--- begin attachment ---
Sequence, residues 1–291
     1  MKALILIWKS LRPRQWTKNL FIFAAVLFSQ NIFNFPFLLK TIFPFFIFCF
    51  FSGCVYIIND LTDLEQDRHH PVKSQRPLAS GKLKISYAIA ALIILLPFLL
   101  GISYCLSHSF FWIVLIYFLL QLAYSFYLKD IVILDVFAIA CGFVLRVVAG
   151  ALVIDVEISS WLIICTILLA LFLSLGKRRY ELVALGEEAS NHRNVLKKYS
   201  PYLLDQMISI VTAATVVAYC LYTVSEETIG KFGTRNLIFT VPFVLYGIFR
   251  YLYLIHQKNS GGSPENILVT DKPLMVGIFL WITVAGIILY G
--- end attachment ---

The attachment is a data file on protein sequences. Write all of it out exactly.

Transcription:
Sequence, residues 1–291
     1  MKALILIWKS LRPRQWTKNL FIFAAVLFSQ NIFNFPFLLK TIFPFFIFCF
    51  FSGCVYIIND LTDLEQDRHH PVKSQRPLAS GKLKISYAIA ALIILLPFLL
   101  GISYCLSHSF FWIVLIYFLL QLAYSFYLKD IVILDVFAIA CGFVLRVVAG
   151  ALVIDVEISS WLIICTILLA LFLSLGKRRY ELVALGEEAS NHRNVLKKYS
   201  PYLLDQMISI VTAATVVAYC LYTVSEETIG KFGTRNLIFT VPFVLYGIFR
   251  YLYLIHQKNS GGSPENILVT DKPLMVGIFL WITVAGIILY G